Caring for Kids in Crisis: Children and Depression

Caring for Kids in Crisis: Children and Depression
by Eliette Vrenelli García, Carolina, Puerto Rico

Depression is a common and a serious medical illness. It is real, it happens, and it is treatable. Society has put a stigma on mental illness and as the salt and light of the world we must put an end to that stigma. It is normal for children to feel sad, irritated, and have bad mood swings, but when those negative feelings linger it is possible that the child is struggling with depression.

The Diagnostic and Statistical Manual of Mental Disorder (DSM) outlines the following criterion to make a diagnosis of depression:

The individual must experience 5 or more symptoms during the same 2-week period: feeling sad or irritable, loss of interest or pleasure in almost all activities, decrease in weight, insomnia or hypersomnia, psychomotor agitation, fatigue or loss of energy, decrease ability to think, concentrate and make choices, recurrent thoughts of death, and/or suicidal ideation, and feelings of worthlessness or excessive, inappropriate guilt.(1)

On occasion this condition goes undiagnosed and untreated because the symptoms are passed as normal emotional changes. However, as noted in the criteria for the diagnosis, not only do we need the symptoms to be present, but for 5 or more to be present during the same time period. On occasion, the child can present a few of the symptoms, but not all together or during the 2-week period. This is why it can be confusing to recognize when help is needed.

During our recent pandemic, the percentage of children diagnosed with depression has grown. The Center for Disease Control and Prevention (CDC) found that from April to October 2020, hospitals across the United States saw a 24% increase in the proportion of mental health emergency visits children ages 5 to 11 and a 31% increase for children ages 12 to 17.(2) This is not only an issue in the United States. A World Health Organization survey of over 130 countries found that more than 60% reported disruptions to mental health services for vulnerable people, including children and teens. For children, school closures have disrupted their routines, and many are carrying new burdens they are not equipped to handle. As adults, we can lessen their troubles and help them.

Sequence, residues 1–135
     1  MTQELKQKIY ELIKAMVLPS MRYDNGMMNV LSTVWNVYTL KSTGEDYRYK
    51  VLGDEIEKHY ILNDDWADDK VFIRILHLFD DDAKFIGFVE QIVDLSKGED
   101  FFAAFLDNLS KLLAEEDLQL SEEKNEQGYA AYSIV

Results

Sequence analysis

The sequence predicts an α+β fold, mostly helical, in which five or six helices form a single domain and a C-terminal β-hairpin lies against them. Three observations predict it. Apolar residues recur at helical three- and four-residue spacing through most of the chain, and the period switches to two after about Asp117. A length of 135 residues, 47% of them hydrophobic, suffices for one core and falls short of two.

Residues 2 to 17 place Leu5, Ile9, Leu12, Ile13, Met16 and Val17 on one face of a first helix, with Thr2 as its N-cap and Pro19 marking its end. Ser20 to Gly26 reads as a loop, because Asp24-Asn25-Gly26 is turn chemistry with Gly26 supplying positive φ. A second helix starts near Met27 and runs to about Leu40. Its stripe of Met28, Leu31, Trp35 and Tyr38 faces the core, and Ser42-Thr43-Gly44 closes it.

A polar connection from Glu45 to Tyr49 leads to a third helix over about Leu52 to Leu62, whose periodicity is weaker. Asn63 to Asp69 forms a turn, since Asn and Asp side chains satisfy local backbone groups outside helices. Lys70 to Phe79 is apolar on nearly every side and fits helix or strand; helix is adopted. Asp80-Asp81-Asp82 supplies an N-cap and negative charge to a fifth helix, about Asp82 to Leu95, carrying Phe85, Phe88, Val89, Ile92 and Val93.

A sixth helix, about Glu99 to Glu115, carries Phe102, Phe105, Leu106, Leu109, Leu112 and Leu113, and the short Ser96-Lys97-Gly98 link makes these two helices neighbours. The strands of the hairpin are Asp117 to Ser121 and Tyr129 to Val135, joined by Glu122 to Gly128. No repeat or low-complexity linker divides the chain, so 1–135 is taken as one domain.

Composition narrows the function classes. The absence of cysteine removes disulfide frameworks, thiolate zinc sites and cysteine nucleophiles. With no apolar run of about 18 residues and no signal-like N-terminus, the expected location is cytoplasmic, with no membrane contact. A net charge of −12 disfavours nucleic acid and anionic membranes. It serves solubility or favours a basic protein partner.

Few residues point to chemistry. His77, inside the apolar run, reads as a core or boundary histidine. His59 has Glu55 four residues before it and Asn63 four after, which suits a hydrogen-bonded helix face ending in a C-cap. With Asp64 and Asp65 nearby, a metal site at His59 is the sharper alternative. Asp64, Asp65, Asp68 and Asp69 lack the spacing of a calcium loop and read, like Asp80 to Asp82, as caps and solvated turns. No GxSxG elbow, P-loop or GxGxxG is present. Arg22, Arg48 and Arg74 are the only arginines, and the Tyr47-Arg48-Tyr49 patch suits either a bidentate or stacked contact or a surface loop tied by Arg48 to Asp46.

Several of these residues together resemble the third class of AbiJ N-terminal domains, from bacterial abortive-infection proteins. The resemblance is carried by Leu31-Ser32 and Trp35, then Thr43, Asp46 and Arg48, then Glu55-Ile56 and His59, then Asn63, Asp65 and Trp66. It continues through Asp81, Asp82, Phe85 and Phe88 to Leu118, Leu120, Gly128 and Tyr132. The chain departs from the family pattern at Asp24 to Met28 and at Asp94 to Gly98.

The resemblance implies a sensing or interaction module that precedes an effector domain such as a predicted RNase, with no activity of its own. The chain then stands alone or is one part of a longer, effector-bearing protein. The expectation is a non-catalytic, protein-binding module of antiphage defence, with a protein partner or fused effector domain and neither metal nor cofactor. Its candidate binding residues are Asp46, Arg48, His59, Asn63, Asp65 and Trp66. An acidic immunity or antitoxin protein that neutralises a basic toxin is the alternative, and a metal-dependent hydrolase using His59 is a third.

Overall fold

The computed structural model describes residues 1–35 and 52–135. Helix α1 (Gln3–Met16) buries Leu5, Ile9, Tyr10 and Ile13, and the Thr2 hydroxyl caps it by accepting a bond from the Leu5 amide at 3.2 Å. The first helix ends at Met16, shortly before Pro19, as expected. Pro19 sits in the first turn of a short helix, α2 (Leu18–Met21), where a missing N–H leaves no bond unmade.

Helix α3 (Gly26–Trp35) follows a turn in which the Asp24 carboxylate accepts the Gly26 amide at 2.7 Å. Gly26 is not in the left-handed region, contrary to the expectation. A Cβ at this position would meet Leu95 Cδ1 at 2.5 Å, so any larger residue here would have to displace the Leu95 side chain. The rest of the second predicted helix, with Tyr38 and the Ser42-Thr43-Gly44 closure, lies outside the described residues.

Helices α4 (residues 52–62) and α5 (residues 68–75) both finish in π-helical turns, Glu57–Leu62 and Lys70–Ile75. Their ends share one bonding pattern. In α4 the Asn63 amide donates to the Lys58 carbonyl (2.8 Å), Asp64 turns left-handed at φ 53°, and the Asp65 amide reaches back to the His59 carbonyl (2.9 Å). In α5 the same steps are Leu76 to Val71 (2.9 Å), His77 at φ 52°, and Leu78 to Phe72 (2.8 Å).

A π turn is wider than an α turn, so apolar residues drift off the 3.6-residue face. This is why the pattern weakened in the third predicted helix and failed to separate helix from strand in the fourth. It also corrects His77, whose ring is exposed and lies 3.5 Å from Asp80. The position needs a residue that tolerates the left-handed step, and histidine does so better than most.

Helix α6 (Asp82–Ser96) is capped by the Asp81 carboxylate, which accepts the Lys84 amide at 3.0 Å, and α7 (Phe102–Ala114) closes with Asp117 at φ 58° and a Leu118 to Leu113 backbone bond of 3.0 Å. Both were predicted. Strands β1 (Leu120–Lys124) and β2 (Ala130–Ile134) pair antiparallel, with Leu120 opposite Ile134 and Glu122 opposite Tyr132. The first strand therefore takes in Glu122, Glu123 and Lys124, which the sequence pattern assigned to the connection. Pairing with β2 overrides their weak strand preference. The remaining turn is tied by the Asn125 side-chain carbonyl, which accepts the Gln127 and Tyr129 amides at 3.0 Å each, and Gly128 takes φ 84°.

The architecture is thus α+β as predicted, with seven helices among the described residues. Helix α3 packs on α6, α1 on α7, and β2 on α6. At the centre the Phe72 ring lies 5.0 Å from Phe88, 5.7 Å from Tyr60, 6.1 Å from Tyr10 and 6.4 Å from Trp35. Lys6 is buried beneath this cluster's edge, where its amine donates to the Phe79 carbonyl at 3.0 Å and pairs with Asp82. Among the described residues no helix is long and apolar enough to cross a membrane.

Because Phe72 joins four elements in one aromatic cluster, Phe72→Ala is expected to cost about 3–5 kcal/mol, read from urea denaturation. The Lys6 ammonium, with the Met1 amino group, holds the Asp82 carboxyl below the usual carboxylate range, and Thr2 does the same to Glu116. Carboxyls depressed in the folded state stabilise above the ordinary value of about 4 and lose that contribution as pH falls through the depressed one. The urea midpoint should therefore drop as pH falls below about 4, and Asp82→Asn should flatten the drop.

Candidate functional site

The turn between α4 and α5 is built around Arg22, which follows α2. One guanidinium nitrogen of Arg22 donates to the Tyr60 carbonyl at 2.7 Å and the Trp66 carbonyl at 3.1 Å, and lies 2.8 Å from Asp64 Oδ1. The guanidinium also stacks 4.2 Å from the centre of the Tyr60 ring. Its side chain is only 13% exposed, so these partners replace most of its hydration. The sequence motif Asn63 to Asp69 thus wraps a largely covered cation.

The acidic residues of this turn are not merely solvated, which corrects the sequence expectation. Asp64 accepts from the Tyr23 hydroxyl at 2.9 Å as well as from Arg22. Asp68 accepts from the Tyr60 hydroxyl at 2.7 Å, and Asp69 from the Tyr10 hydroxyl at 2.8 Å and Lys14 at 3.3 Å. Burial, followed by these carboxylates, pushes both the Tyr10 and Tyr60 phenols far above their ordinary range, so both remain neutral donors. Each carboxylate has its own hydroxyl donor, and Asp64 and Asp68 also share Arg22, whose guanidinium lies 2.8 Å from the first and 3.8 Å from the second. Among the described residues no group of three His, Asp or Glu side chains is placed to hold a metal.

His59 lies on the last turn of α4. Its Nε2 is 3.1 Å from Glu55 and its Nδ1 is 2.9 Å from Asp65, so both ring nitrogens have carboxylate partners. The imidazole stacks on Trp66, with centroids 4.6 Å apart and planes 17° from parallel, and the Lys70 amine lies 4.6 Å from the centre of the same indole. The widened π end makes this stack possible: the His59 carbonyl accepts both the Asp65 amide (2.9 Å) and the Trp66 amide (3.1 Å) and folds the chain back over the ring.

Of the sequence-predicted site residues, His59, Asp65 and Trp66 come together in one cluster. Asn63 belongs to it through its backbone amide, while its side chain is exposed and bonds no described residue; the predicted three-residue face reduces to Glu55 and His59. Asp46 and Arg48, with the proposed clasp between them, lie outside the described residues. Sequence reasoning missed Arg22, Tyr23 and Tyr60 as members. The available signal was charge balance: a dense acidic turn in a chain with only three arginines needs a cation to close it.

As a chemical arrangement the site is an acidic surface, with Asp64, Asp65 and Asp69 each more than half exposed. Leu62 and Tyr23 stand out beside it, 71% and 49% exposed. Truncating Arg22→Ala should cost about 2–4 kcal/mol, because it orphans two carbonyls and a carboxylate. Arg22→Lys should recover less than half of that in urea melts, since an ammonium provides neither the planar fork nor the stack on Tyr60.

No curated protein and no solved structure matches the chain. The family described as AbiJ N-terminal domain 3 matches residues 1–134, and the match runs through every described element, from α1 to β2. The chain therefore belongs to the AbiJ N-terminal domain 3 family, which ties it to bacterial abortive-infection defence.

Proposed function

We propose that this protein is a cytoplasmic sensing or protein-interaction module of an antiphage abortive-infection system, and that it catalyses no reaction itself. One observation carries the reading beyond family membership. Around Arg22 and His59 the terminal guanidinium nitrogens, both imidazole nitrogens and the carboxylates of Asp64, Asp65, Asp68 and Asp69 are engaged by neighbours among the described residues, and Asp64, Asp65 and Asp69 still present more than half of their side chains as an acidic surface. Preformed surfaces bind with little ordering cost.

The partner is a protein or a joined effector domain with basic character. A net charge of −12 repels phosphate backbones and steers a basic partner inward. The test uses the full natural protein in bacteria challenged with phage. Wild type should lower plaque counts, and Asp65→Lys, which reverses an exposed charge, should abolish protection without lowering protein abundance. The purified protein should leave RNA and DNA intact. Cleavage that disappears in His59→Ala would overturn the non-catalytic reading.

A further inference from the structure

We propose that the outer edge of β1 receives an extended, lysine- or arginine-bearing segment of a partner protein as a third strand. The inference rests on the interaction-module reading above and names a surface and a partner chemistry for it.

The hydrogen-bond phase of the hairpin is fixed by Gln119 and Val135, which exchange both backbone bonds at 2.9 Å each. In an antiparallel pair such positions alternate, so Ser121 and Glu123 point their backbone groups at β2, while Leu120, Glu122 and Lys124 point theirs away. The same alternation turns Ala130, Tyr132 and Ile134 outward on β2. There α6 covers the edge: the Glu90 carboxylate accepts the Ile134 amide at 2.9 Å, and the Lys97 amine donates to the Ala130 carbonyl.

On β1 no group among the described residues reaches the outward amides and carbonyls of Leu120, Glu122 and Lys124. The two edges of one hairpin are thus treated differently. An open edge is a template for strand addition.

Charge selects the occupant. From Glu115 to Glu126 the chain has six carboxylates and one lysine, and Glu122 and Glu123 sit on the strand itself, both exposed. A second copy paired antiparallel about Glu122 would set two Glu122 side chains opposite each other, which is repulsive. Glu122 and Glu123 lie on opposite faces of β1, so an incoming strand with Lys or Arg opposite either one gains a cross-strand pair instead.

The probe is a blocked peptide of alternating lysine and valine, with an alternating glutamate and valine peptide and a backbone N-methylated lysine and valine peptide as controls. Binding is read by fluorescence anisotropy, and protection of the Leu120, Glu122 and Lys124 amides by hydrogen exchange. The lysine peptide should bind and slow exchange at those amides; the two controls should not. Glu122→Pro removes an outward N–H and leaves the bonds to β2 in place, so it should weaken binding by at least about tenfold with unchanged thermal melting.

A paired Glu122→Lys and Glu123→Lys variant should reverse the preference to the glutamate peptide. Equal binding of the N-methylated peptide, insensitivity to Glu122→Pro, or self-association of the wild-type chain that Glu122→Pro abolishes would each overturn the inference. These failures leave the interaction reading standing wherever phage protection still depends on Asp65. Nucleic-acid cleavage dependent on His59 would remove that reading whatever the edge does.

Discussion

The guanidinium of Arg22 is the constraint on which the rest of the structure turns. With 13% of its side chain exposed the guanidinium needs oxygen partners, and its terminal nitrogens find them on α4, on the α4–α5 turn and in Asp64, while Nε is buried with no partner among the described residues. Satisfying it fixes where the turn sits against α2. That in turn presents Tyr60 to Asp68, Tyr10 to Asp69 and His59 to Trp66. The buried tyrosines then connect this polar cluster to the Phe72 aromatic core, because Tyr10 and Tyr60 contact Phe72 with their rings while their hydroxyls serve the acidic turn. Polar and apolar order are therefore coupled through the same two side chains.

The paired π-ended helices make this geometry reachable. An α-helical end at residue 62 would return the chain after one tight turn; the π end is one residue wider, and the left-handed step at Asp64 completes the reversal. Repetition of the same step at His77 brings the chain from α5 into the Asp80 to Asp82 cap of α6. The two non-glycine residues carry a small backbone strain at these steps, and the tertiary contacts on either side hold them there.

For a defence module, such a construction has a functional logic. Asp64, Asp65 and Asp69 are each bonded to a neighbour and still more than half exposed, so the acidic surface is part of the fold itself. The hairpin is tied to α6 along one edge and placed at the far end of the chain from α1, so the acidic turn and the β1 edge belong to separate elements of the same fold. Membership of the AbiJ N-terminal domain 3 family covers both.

If you think your child or a child from your church might be depressed or have problems with their mood, there are a few things you can do:

  • Talk about depression. Children might not know how they feel but talk to them anyway. Listen to their challenges and offer a helping hand.
  • Schedule a visit with your child’s doctor. They will do a complete exam, evaluation, and refer you to a specialist, if needed.
  • Be sure the child is eating nutritious food, getting enough sleep, and getting daily physical activity (preferably outside).
  • Most importantly, be patient and kind. Try being understanding and cultivate a positive relationship with them.

Talks with Kids About Depression
By Dr. Shaun McKinley, PhD, International Director of Children’s Ministries

When speaking to a child in your ministry or home who is struggling with depression, it is important to be mindful of the words you use as you talk, pray, or instruct them.